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Military might

Military might:  The powerful Roman army made use of simple yet powerful war machines to conquer cities and expand the empire.

Built to last

Built to last:  The Romans used sand, landfill and stones to build four-layer roads that have withstood 2,000 years.

Hands-on experience

Hands-on experience:  Hong Kong Science Museum Assistant Curator Paulina Chan invites visitors to use the small-scale sling-and-pulley machines in the exhibition, to see how they work.

Picture this

Picture this:  Fresco paintings and Mosaic-style artworks were commonly found in Roman homes.

Exhibition spotlights Roman ingenuity

January 27, 2013
The Roman Empire was one of the greatest ancient powers in world history. Under Julius Caesar, its most famous and powerful emperor, its territory extended to Europe, Asia and Africa.  A special Science Museum exhibition spotlights his era, showcasing its creative and superior war machines, and Caesar’s astonishing achievements.
The powerful Roman army conquered many cities and countries in numerous battles. In the famous Gallic Wars in 58 BC, Julius Caesar’s army took just 10 days to construct a wooden bridge strong enough to allow the entire army to cross a deep river. At the exhibition entrance, a detailed model of a bridge and a small-scale piling machine demonstrate how the army built a bridge, using an effective piling method.
Hong Kong Science Museum Assistant Curator Paulina Chan appreciates the Roman war machines’ creative designs, such as its assault towers and devices for lifting heavy stones.
“If you want to win the battle, you need a very smart war machine. You must build it within a very short period of time,” Ms Chan said, noting the Roman machines had innovative design features.
“They use the least energy but they can generate very strong power to destruct the walls and buildings of enemies. They just used very simple mechanics, such as wood, iron and some strings coupled with levers and pulleys to make powerful machines. They were very simple, but the power was very destructive,” she said. 
Videos and museum docents demonstrate the mechanical theory of each device on show. Visitors can also operate the small-scale sling-and-pulley machines to see how they work.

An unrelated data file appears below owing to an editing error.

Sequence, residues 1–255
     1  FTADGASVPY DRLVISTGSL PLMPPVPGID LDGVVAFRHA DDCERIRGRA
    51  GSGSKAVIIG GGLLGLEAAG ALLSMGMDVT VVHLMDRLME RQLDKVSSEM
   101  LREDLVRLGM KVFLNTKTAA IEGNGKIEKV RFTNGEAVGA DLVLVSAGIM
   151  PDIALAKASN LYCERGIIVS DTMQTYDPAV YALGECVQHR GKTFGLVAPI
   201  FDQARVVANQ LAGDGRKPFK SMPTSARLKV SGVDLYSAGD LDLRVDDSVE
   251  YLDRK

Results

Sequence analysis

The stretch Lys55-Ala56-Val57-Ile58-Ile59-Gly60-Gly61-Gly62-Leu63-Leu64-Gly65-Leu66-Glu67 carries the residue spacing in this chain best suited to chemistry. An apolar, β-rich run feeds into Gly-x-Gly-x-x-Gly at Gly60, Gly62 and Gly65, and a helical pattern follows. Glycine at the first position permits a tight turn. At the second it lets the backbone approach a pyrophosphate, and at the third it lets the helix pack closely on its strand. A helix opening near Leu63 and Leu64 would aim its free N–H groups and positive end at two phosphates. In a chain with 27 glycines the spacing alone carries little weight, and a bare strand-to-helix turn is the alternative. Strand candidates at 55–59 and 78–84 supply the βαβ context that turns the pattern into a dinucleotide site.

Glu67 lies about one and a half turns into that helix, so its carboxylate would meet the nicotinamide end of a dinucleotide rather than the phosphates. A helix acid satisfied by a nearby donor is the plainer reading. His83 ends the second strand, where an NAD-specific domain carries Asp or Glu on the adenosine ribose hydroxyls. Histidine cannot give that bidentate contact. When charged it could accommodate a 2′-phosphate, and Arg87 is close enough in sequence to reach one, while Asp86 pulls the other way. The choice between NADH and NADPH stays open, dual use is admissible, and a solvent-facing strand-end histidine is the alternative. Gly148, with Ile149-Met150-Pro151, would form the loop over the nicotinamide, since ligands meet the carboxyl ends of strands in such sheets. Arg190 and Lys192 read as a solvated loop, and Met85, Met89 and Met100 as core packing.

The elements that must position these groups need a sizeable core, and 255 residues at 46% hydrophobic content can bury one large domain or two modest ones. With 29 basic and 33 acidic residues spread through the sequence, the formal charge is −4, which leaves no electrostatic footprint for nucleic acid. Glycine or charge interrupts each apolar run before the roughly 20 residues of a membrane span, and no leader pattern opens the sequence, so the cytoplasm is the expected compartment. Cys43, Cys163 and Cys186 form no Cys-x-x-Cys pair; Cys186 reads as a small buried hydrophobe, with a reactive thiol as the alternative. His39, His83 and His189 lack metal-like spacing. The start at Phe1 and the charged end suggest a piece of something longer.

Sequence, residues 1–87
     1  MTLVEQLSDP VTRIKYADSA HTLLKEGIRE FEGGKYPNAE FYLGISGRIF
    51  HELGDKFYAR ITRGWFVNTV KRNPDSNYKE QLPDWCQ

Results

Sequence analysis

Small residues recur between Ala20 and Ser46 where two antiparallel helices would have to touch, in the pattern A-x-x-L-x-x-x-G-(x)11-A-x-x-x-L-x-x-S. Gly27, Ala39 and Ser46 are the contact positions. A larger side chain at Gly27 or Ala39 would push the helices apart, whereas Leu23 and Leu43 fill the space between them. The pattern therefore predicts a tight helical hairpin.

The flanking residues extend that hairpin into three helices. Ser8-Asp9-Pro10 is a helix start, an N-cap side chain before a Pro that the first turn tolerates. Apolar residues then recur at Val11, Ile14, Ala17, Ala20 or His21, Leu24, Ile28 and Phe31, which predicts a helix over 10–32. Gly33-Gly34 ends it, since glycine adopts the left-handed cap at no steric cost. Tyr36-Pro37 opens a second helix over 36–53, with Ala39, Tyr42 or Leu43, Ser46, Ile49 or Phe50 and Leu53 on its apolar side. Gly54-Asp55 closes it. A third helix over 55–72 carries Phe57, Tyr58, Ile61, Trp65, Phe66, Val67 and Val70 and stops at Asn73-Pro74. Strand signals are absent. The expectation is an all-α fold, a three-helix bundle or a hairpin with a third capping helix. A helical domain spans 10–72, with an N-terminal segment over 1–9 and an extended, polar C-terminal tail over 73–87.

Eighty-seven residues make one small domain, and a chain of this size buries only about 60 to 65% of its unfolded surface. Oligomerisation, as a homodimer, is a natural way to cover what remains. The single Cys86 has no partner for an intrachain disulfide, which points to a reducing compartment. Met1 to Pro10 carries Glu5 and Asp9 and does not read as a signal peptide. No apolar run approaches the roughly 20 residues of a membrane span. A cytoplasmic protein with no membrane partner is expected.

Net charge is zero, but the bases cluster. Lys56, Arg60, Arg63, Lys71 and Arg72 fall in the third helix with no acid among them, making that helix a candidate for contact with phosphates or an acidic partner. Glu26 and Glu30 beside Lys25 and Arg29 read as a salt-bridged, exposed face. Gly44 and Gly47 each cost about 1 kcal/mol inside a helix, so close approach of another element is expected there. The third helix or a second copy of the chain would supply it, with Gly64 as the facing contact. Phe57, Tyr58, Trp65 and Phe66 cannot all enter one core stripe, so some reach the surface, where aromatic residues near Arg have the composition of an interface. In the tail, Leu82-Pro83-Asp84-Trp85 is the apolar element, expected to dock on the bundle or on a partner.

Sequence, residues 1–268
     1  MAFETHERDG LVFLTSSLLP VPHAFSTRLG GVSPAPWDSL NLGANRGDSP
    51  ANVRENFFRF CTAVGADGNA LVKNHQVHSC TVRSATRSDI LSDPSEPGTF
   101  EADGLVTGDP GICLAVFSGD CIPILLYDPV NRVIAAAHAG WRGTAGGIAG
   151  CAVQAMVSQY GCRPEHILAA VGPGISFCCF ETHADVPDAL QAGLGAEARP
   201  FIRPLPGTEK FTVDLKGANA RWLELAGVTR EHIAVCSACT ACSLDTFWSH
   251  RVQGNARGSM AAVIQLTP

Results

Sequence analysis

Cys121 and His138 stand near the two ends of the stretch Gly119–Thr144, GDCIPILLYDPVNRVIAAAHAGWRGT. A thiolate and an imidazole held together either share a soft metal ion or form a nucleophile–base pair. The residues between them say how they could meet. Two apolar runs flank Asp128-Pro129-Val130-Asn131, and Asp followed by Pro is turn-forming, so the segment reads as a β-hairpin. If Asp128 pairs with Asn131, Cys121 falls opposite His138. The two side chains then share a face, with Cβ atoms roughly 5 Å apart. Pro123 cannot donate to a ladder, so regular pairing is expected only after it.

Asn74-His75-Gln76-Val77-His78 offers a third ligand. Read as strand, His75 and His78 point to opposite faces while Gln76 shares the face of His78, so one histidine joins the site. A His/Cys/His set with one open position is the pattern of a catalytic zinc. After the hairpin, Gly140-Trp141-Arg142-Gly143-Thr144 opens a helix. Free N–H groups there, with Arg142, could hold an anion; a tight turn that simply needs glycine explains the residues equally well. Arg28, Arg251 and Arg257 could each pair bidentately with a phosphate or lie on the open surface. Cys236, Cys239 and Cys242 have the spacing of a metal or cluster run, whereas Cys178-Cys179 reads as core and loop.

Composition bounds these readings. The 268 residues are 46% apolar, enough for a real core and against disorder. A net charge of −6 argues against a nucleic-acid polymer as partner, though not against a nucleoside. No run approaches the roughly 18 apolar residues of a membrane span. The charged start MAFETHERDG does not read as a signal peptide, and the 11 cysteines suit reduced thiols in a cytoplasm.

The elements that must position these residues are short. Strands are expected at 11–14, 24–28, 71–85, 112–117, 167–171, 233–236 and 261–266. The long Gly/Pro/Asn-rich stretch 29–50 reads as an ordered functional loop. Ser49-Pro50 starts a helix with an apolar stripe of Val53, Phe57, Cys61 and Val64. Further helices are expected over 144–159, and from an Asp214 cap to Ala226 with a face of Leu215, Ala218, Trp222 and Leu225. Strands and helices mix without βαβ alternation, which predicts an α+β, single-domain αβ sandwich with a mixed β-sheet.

All roads lead to Rome
The exhibition also introduces Roman Empire road networks. Emperors wanted their army to have access to and from Rome and all parts of its extensive empire. Experts spent years developing their effective road-building methods.
“I think everybody must [have heard] the idiom, ‘All roads lead to Rome,’” Ms Chan said.
“The ancient [Roman] people had very good techniques in building roads. They built very straight roads, they just used sand and landfill, and also some stones to build a road into four layers. They made it very strong.”
Roads were also built to last, as many of them are still in evidence today, having withstood 2,000 years.
The ancient Romans were ingenious in developing measuring and surveying tools. The exhibit features a groma, used to draw straight and perpendicular lines on the ground to measure land and construct roads.
Glimpse of Roman life
The exhibition also showcases the ancient Romans’ lifestyle. A popular form of entertainment took place inside the spectacular Colosseum: Gladiators armed with different weapons would fight against each other or fierce animals, often to the death.
Helmets, swords, spears and armour are on show, alongside fresco paintings and Mosaic-style artworks that depict them in use. Statues and Roman coins with images of Caesar are testament to his ruling power. A book made of wax shows how Romans recycled their writing material.
The exhibition runs until April 10, and about 150,000 people are expected to visit during the exhibition period. Complementary science lectures and children's activities are planned to enhance people’s understanding of the ancient Roman Empire. For details, visit the exhibition’s website.